KEF, Tunisia (Reuters) - Tunisian security forces fired tear gas on Thursday to disperse hundreds of people trying to storm a local government building as demonstrations broke out over the killing of seven policemen by Islamist militants.
Tensions are rising in Tunisia, where the ruling moderate Islamist Ennahda party and opposition have been trying to start talks to end a paralyzing deadlock since the assassination of two secular opposition leaders earlier this year.
Wednesday’s killings delayed the long-awaited negotiations to save a transition to democracy, once seen as a model for the region, nearly three years after the first Arab Spring uprising toppled Tunisian autocrat Zine al-Abidine Ben Ali.
Clashes erupted at a government building in Kef in northern Tunisia after funerals for the officers, with enraged residents accusing Ennahda of being too lenient with hardline Islamists. Protesters attacked two local party offices of Ennahda in Kef and Beja, ransacking one and burning furniture in the street. Demonstrators took to the streets in four other cities to demand the Ennahda government resign, residents said.
“Ennahda killed my son, I will not accept consolation only after the departure of Ennahda...They are destroying our country and kill our children and want to turn Tunisia into a new Sudan,” said the mother of Socrate Charni, one of the seven slain policemen.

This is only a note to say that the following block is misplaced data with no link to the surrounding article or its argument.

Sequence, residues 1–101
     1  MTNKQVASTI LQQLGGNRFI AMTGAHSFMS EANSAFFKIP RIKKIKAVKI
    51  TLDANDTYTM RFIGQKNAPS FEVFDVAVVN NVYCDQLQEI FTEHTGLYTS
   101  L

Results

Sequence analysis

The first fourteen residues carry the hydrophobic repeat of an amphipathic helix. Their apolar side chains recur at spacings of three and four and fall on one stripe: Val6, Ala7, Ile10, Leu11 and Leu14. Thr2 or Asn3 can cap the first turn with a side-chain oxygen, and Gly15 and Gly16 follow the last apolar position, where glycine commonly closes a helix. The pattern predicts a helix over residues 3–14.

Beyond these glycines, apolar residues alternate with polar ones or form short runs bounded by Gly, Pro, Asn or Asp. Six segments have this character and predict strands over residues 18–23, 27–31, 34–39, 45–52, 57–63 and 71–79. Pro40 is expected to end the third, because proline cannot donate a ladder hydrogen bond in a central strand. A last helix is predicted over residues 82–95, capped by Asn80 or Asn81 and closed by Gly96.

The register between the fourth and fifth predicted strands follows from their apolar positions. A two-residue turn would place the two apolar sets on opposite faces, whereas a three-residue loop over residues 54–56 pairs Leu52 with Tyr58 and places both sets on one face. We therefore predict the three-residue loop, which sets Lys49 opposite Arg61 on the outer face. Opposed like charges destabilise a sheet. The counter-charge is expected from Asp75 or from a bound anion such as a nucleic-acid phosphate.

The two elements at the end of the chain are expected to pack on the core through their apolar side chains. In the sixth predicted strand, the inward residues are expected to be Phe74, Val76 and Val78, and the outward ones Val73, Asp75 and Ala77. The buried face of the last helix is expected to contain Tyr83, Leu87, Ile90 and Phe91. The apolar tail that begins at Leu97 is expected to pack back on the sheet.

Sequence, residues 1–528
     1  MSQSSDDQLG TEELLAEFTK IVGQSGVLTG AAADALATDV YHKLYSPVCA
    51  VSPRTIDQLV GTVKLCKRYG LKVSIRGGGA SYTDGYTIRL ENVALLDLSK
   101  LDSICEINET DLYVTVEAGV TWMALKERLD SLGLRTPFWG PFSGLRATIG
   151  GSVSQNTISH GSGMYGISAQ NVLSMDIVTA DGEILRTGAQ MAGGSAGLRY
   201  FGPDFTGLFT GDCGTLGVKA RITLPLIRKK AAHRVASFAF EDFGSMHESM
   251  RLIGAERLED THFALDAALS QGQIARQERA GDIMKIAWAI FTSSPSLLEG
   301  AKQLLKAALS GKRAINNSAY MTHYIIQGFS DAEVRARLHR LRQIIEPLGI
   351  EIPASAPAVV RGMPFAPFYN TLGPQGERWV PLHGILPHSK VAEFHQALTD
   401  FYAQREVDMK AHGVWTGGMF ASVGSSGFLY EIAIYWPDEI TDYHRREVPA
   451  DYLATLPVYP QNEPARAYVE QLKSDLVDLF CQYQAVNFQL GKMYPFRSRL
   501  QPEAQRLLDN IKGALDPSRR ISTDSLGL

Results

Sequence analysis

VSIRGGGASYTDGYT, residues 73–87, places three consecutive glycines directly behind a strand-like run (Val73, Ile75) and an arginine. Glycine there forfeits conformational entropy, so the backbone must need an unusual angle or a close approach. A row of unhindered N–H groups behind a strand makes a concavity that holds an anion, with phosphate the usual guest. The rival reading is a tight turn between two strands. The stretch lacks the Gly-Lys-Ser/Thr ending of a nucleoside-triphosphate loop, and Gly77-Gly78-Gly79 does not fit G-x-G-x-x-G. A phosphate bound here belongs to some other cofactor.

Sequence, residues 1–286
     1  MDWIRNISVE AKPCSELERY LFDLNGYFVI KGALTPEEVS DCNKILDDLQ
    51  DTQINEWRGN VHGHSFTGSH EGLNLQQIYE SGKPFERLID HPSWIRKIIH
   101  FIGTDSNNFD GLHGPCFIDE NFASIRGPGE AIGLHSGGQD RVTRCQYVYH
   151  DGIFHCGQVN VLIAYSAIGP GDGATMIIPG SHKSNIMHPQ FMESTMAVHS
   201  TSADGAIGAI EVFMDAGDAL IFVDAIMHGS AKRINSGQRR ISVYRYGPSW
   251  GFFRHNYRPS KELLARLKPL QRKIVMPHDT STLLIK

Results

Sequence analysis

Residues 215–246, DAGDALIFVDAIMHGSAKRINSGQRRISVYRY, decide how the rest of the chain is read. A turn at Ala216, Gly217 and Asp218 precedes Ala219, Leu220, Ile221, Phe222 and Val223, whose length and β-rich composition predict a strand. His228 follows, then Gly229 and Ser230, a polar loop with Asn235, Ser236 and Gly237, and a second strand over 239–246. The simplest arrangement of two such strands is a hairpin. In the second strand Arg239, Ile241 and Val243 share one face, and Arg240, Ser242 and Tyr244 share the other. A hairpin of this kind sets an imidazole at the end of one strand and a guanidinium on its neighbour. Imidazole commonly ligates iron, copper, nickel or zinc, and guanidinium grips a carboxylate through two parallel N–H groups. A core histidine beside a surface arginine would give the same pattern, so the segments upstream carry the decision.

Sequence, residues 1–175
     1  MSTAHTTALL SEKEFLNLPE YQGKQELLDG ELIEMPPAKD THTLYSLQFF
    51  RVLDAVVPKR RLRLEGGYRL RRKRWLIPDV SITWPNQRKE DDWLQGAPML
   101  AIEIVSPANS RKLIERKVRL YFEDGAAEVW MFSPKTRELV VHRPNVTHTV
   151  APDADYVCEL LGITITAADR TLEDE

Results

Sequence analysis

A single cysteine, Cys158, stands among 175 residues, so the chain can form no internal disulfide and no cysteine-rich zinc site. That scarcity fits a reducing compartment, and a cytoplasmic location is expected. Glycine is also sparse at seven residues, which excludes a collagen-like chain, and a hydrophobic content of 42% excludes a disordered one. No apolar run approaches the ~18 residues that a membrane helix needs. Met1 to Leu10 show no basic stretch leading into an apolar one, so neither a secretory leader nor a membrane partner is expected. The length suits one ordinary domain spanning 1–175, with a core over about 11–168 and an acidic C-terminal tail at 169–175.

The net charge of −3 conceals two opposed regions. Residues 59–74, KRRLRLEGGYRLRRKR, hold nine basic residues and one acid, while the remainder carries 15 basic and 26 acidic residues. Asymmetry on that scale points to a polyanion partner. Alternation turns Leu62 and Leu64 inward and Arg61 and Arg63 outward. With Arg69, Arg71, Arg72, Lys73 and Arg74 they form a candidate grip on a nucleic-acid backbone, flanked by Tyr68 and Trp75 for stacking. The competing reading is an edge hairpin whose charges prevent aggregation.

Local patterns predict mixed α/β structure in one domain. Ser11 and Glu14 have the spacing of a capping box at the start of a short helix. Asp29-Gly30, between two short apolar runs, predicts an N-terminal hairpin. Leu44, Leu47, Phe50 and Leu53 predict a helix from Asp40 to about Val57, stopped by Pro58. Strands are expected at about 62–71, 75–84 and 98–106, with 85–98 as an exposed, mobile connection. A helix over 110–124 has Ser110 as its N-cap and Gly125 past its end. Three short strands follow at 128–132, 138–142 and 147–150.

Divisions between Islamists and their secular opponents have widened in one of the Muslim world’s most secular countries.
Prime Minister Ali Larayedh says Ennahda is ready to resign, but insists on the completion of the country’s new constitution, the establishment of an electoral commission and a clear election date before handing over power.
Talks are scheduled over the next three weeks to decide on a caretaker government and set a date for elections. But opposition leaders want Ennahda to be clearer about its intention to resign.
The government two months ago declared a local hardline Islamist movement, Ansar al-Sharia, to be a terrorist organization and began a crackdown that authorities say has led to more than 300 arrests.
Islamist violence is less common in Tunisia than in some other North African countries, where al Qaeda-associated groups have a stronger presence. But militants have grown in influence since the Arab Spring felled relatively secular authoritarian leaders who had suppressed Islamists for decades.
Writing by Patrick Markey; Editing by Mark Heinrich